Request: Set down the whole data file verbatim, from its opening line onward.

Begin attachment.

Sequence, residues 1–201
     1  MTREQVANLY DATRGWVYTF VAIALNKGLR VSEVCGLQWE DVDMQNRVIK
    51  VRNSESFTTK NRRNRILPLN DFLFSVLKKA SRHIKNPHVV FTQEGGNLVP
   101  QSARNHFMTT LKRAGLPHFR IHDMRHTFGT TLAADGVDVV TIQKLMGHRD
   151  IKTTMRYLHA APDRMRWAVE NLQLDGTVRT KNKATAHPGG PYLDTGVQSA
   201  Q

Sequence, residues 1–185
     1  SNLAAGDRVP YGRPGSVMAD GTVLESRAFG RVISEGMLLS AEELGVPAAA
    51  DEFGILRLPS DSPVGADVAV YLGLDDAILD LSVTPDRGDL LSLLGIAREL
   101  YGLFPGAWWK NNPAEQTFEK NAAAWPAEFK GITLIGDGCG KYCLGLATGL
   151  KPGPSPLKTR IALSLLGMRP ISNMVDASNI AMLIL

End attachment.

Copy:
Sequence, residues 1–201
     1  MTREQVANLY DATRGWVYTF VAIALNKGLR VSEVCGLQWE DVDMQNRVIK
    51  VRNSESFTTK NRRNRILPLN DFLFSVLKKA SRHIKNPHVV FTQEGGNLVP
   101  QSARNHFMTT LKRAGLPHFR IHDMRHTFGT TLAADGVDVV TIQKLMGHRD
   151  IKTTMRYLHA APDRMRWAVE NLQLDGTVRT KNKATAHPGG PYLDTGVQSA
   201  Q

Sequence, residues 1–185
     1  SNLAAGDRVP YGRPGSVMAD GTVLESRAFG RVISEGMLLS AEELGVPAAA
    51  DEFGILRLPS DSPVGADVAV YLGLDDAILD LSVTPDRGDL LSLLGIAREL
   101  YGLFPGAWWK NNPAEQTFEK NAAAWPAEFK GITLIGDGCG KYCLGLATGL
   151  KPGPSPLKTR IALSLLGMRP ISNMVDASNI AMLIL